In Lee’s poem below, the first stanza is delivered in the present tense and the second brings us to the future with “lives far ahead.”

    A Story

    by Li Young Li

    In a room full of books in a world
    of stories, he can recall
    not one, and soon, he thinks, the boy
    will give up on his father.

    Already the man lives far ahead, he sees
    the day this boy will go. Don’t go!
    Hear the alligator story! The angel story once more!
    You love the spider story. You laugh at the spider.
    Let me tell it!

    2) To illustrate differences in location:

    Read Chad Sweeny's poem below to see how stanza breaks affect location:

    The Mile

    by Chad Sweeny

    My grandmother crowns the hill,
    her headlights lathing the dark,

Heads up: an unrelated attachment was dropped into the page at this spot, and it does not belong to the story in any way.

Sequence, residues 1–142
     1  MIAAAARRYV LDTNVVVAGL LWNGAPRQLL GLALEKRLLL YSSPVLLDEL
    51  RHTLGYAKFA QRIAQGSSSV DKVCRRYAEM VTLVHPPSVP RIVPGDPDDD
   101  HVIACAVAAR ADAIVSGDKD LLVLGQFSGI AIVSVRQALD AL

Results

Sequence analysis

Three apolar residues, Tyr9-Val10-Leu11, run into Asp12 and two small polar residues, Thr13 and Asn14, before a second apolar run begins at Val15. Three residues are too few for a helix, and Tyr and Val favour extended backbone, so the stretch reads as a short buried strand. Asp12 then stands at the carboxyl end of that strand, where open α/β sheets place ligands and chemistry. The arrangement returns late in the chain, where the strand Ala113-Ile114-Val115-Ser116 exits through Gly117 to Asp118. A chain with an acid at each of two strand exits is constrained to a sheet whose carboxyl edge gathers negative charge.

a farm route

    through rye then cotton
    then the red and gold of wheat,
    the scrub oak crowding

    a little nameless river
    where fog holds to low places.
    Who would have seen the tractor

    aimed down the highway by a boy
    his first summer behind the wheel
    with no lights but the holy

    somnolence of a cowboy radio?
    The next car over the rise
    is my father

    blind into the fog.
    There is so much to talk about
    at this moment,

    so many lines of cause and effect
    trembling taut into that gully.
    How does my father choose,

    with his mother’s ribs broken,
    his new wife moaning from the ditch,
    to carry the limp body

    of someone else’s child
    a mile over night fields
    toward the insinuation of a roof?